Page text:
Dialogue. With @AmythiaGG.
f8 @ 1/160 sec. ISO 100. Canon 5D mark II. 70-200 f4/L.
When I was younger, I used to play backgammon regularly. It was my preferred casual game over checkers and chess. With backgammon, there’s both chaos and strategy — a hybrid between tic tac toe and poker if you will. Strangely, it’s best played with skilled players with some comfort with each other but who are not yet intimately (and I mean this in a platonic way) familiar with one another. It’s painful to watch beginners awkwardly count their way through a game. But with skilled players, it’s an effortless ballet where the rolls of the dice are fluidly played all while chatting about completely unrelated topics. When you have people who are too intimately familiar, the challenge of the gambling side of the game is lost as you can predict when they’ll double and when they’ll bow out. But when you’re still learning about the opponent, the conversation becomes part of the game, sensing weakness, probing for style, all couched in a discussion of the latest literary genius.
I think a good photo shoot is like that. I’ve discovered that the people I work best with can effortlessly move between deep conversations on the meaning of reality and lighter topics like sushi preference. But underneath the seemingly meaningless chatter is the goal of getting the model to open up and reveal her true personality rather than the facade she dons. The challenge is what makes shooting in itself interesting.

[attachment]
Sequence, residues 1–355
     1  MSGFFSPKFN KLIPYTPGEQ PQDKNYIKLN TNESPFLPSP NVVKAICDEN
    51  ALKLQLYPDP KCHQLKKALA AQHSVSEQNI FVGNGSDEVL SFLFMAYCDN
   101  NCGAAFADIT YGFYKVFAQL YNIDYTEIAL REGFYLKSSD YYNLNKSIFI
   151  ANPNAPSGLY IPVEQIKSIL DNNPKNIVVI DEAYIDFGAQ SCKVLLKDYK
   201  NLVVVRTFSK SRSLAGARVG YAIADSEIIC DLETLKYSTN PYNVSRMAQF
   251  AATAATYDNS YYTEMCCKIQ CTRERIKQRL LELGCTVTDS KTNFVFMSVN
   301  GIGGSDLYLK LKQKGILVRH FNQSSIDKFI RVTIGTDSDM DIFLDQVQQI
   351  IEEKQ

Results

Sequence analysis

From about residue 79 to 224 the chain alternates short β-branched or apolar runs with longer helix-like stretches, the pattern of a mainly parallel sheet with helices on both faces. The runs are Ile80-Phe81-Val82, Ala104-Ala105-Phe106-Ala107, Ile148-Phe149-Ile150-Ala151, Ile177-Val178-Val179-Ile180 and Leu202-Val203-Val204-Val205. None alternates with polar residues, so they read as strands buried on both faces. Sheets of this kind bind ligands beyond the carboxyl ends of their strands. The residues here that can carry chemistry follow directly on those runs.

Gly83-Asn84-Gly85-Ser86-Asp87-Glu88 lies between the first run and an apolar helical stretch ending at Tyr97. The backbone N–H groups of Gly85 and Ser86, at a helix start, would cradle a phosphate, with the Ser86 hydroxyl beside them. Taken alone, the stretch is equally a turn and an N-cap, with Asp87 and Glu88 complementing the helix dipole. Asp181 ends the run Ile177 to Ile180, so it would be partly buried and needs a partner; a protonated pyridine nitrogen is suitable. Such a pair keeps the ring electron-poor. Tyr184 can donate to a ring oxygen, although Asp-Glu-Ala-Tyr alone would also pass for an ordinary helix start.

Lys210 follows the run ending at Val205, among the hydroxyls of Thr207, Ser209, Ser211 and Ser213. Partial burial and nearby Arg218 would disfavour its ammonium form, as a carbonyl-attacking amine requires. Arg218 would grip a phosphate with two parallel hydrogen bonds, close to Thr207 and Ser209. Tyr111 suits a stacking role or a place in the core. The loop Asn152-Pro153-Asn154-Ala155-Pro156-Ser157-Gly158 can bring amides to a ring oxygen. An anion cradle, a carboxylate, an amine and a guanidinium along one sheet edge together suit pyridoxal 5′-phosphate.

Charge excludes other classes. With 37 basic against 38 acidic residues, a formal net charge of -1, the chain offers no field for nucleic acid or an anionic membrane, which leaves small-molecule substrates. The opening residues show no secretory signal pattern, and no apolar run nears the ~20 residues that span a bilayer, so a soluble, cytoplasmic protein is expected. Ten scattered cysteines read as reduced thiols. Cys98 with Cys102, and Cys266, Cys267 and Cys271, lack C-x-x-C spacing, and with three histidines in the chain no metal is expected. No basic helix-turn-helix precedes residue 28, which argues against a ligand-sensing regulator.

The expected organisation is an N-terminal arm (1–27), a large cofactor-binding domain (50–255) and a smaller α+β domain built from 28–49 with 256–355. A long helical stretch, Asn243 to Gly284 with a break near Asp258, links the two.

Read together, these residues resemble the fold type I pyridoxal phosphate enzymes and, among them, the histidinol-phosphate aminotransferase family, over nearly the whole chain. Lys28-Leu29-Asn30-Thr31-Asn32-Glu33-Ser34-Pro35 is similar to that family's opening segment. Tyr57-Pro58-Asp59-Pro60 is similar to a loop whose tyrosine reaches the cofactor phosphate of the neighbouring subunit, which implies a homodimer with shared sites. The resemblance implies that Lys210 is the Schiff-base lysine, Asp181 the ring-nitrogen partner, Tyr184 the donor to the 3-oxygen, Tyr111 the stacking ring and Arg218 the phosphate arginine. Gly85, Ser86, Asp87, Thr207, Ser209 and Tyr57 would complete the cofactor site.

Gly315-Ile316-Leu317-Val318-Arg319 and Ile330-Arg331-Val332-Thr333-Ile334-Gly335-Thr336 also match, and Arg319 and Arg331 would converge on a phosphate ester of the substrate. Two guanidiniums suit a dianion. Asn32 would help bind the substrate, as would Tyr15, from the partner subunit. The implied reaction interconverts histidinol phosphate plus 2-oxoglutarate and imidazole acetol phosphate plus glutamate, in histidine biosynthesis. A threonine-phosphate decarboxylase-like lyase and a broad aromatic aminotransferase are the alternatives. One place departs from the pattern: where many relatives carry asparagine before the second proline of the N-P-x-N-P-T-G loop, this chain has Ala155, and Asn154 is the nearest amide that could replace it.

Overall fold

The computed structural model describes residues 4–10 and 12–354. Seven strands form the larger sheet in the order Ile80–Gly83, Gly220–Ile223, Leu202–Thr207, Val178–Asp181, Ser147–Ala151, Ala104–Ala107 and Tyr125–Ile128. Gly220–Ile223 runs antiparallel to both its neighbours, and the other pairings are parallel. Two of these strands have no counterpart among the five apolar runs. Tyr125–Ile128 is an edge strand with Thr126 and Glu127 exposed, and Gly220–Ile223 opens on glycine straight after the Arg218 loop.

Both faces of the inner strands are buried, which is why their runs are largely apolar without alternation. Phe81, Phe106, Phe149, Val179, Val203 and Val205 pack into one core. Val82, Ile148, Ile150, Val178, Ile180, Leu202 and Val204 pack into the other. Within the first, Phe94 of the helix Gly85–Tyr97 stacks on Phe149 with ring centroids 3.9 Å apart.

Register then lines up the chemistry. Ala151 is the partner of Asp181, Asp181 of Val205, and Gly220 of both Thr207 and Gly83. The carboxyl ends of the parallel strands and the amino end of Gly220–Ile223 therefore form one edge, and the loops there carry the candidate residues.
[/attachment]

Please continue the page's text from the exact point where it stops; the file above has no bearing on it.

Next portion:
Not everyone is like that though. Last night, for instance. I knew five minutes into the conversation that it wasn’t going to work out. (And that’s the reason I always go for coffee before shooting with someone. At least with coffee, there’s the possibility that the moment you walk out the door you don’t have to deal with them again.) Here’s the thing though: it would have been rude to walk out at the five minute mark mumbling something about not having the right chemistry. And I hate being the bad guy. So my solution is this: When I describe how I do things, it sounds like a painful and onerous endeavour filled with all kinds of artsy angst. I like to think though that the reality is much lighter and casual. But when confronted with someone who I sense won’t work out, my (somewhat) subconscious strategy seems to be to ratchet the artsy angst to 11 in an effort to scare them away. Then, when they don’t return a follow up message or the follow up shoot never materializes, I can’t be blamed for not putting in a fair effort.
There you go. I’ve given away my strategy for alienating people and losing friends.